UK

Proms 2010: Hans Abrahamsen – Wald (UK Première) plus Knussen, Bedford and Benjamin

Posted on by 5:4 in Premières, Proms | Leave a comment

So, where were we? Ah yes, The Proms; my catchup starts with the concert that took place on Friday 6 August, given by the splendid Birmingham Contemporary Music Group.

Oliver Knussen‘s Two Organa is a work all the more engaging for its entirely lopsided nature. The first ‘organum’, “Notre Dame des Jouets”, could perhaps best be described as “sugar and spice and all things nice” (although without very much spice); exploring just white notes, it’s derived from an earlier incarnation, composed for a diatonic music box, and while undeniably rather fun, there’s little more going on beyond froth and fancy. The latter movement, on the other hand, could not be more different, drawing heavily on Knussen’s more characteristic, harmonically rich palette. In the wake of such a frivolous predecessor, the dense, concentric lines at work here come as something of a shock, given gravitas by the imposing presence of deep gongs. But it restrains itself from becoming ponderous, swiftly reducing into a sparser mixture, the lines given more room to move, fragments of the imagined organum sliding in and out of view. Read more

Tags: , , , , , , ,

Bitter and strong: the legacy of Dubstar

Posted on by 5:4 in Retrospectives | 6 Comments

A few months back, the announcement was made that Dubstar were at work on a fourth album, due for release this year. This came from Steve Hillier, brains of the outfit, who has, in the intervening years since Dubstar’s departure from the music scene, continued to maintain webpages connected with their music. Perhaps Hillier’s prevalent nostalgia is what has kickstarted the Dubstar motor once again, or perhaps they just couldn’t help themselves (real musicians never can); either way, things are afoot. i think that history – with all the old-fashioned benevolence of a grandmother – has been kind to Dubstar: they are encased within a memory that finds playful melodies and darkly acerbic lyrics conjoined, a paradox perfectly encapsulated in the person of singer Sarah Blackwood, her strongly northern dialect colliding with her angelic, unwavering soprano voice. Dubstar, in short, are like one of Grayson Perry‘s ceramics, discreetly placing disturbing imagery within a context that at first seems familiar and safe. It’s been interesting, then, to revisit all their old releases, many of which have been untouched on the CD shelves for far too long; ten singles (all long out of print), three albums, plus one or two other odds and ends, totalling a little over seven hours of music. Released over a five-year period, this is a fair achievement. But how does the music acquit itself now? What is Dubstar’s legacy? Read more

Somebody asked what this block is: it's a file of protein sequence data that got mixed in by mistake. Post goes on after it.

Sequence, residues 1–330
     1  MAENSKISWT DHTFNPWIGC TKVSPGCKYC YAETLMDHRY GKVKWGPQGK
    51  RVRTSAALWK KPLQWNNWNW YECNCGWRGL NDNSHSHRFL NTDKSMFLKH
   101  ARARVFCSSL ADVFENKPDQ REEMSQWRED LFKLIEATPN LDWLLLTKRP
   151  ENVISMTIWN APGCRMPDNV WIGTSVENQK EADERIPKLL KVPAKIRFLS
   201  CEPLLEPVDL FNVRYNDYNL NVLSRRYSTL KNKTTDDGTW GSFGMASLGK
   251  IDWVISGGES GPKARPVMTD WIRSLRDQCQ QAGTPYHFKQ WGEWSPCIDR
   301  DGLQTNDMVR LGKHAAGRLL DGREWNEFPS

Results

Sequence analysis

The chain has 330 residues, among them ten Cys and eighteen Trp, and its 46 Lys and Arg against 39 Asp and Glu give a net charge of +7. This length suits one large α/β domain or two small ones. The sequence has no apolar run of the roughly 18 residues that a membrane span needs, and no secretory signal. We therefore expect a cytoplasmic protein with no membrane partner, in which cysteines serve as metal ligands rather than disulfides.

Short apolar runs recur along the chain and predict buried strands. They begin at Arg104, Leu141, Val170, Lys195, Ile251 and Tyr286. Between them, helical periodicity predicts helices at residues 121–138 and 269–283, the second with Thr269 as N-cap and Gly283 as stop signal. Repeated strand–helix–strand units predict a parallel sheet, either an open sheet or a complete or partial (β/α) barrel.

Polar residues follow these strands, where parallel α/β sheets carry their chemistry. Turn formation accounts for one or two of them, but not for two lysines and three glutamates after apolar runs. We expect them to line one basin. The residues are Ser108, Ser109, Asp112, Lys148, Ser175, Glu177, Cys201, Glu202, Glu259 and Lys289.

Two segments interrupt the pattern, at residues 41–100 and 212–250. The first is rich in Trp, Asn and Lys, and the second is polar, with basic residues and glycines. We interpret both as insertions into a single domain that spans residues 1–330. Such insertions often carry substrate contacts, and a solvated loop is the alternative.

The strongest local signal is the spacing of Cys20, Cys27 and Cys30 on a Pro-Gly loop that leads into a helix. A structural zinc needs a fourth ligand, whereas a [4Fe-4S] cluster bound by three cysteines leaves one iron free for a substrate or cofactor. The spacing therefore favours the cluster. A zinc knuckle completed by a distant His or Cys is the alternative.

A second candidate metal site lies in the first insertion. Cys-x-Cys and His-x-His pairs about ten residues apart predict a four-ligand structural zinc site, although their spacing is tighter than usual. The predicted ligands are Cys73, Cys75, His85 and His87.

Tags: , ,

Hoping against hope: Thomas Adès – Gefriolsæ me

Posted on by 5:4 in Lent Series, Seasonal | Leave a comment

It was at a concert in the spring of 1995 that i first encountered the music of Thomas Adès. The piece was Living Toys, and it was significant to my own development as a composer; i came away from the concert with a new vigour, determination and excitement about the music i wanted to create. Tom and i became mild acquaintances, and i even went to spend an afternoon with him in Cambridge, to discuss my work. While i don’t follow his music as closely as then, i still find it fascinating, and feel he’s one of this country’s more interesting composers.

A CD of Living Toys was released in 1998, and tucked quietly onto the end of that disc is a short work for male voices, entitled Gefriolsæ me. The text is an Anglo Saxon rendering of part of a verse from Psalm 51, a psalm that, due to its powerful penitential sentiments, is closely associated with Lent:

Gefriolsæ me of blodum, God hælu mine.
(“Deliver me from bloodguiltiness, O God my saviour.”) Read more

Tags: , ,
« Previous   1 2 3 4 5 6 7 8 9 10 11 12 13